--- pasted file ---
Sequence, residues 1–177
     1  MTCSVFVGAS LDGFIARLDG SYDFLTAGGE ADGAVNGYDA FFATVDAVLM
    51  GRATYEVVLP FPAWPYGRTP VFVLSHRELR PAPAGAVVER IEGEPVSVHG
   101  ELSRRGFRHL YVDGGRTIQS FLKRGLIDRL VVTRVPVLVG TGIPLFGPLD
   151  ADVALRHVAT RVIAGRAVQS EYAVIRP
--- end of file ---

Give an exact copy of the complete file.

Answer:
Sequence, residues 1–177
     1  MTCSVFVGAS LDGFIARLDG SYDFLTAGGE ADGAVNGYDA FFATVDAVLM
    51  GRATYEVVLP FPAWPYGRTP VFVLSHRELR PAPAGAVVER IEGEPVSVHG
   101  ELSRRGFRHL YVDGGRTIQS FLKRGLIDRL VVTRVPVLVG TGIPLFGPLD
   151  ADVALRHVAT RVIAGRAVQS EYAVIRP